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Slow Down, You Move Too Fast!

by Lucy Rokach |  Published: Jan 01, 2006


Once upon a time, poker players used to be at least street-smart, if not actually clever. However, it seems that mass hysteria has overwhelmed the vast majority of the poker-playing community, and people are running around like headless chickens, entering any old crapshoot in which TV is involved.

There can be only one end result: The promoters will get a whole lot richer, while the poker players will get a whole lot poorer.

If you think you can play poker, why would you want to reduce your already slim edge further by entering tournaments that have such a fast structure that any novice plucked from the street can win, simply by pushing his chips in and getting lucky? Isn't poker supposed to be about mind games?

Take the European Poker Tour (EPT) events, for example. Great idea, but this season's competitions just look like very expensive rolls at the craps table. Why are European poker players paying a lot of money to sign waivers so that third parties can make money from them, while in return, losing any say in what happens during the tournament? The EPT is not the only culprit. In July, the Paris World Poker Tour final was turned into a farce. Imagine you have parted company with 10,000 euros, the clock is nice and slow, and you've finally made it to the magic televised six. Everything starts off as it should, and everyone's happy – everyone, that is, apart from the TV company, which decides that the final has gone on for far too long, it's costing too much money, and the cameramen are tired. No problem; the management kindly shrinks the clock to 30 minutes to accommodate the guys pointing the lenses.

Hang on a minute! What about the players? Didn't they jump up and down, screaming blue murder? Did they not at least voice some complaint? Apparently some did, but to no avail. You would think that the six would have gone on strike. After all, how can they have a show without the stars? Does this happen in America? I don't think so. Can you imagine Tiger Woods or David Beckham paying their own entries, and then being exploited by organisers who also rake the pot? Well, that's what happening to you, guys.

Some years back, when Mickey Finn, Matthias Ronnacher, Lothar Landau, and others set up the EPPA (European Poker Players Association), they established a poker circuit in Europe by laying down strict criteria for participating cardrooms. Tournaments had to have a slow clock, be freezeouts, and have a reasonable entry fee to be awarded ranking points. Did the cardrooms comply? You bet they did. Nowadays, any old tournament is ranking, the management does what it pleases, and the players file in like lambs, queuing up to be fleeced – which. of course, they are! I am pleased that Holland Casinos has stayed out of the television loop. Adele Bruyn does an excellent job with the organisation and structures, the casino adds $75,000 to the main tournament, and no juice is collected for either the big event or its one-table feeder satellites.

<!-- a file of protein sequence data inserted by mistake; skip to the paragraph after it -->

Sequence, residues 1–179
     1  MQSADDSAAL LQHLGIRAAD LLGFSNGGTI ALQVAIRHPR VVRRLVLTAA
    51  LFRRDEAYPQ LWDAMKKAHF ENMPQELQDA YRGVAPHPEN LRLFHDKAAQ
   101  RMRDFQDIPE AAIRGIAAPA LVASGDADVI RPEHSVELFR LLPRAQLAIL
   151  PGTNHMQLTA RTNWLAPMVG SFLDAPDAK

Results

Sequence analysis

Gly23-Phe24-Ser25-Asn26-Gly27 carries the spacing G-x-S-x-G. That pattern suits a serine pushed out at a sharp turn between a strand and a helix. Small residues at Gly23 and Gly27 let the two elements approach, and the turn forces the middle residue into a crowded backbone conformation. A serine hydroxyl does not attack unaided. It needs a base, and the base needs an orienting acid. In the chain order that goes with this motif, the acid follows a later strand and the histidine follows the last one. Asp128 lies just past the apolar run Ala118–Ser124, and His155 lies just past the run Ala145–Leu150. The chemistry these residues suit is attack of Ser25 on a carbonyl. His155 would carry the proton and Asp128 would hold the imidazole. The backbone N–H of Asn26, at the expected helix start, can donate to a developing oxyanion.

It's not all doom and gloom, of course. There have been some very positive developments with online sites hosting tournaments, to which they've added huge sums of money. The World Poker Exchange added $600,000, although I think that was by accident rather than design. Ladbrokes added a larger amount to its Poker Million, and, just recently, William Hill added a quarter of a million dollars to its televised event. What's more, the William Hill tournament had a sensible clock. Each level was 40 minutes, there was no hike in the blinds, and no running antes. This was poker as it should be.

There's a time and place for fast and furious, and it's not during the high-profile events. Left to me, all festivals that wanted ranking points would have to publicize their structures at least one month in advance, so that players could make informed decisions about whether to attend or not. Furthermore, no structures could be changed once a competition had started without all of the remaining players' consent. If a sponsor is adding a lot of money and wants its tournament to be a crapshoot, fine. For the most part, however, there is no added money, so why are European poker players putting up with this? Is it that the new players don't know any better, and think this is how it's always been? Or, is it a carry-over from Internet "turbo" tournaments, and the new players only know how to "ram and jam," so they're quite happy to see the whole process speeded up in live situations? Slow down, guys, you move way too fast.

Lucy "Golden Ovaries" Rokach has long been one of the most successful tournament players in Europe, with 14 major European titles to her name in the last five years alone. She hails from the Midlands in the UK, but can usually be found on the European tournament trail.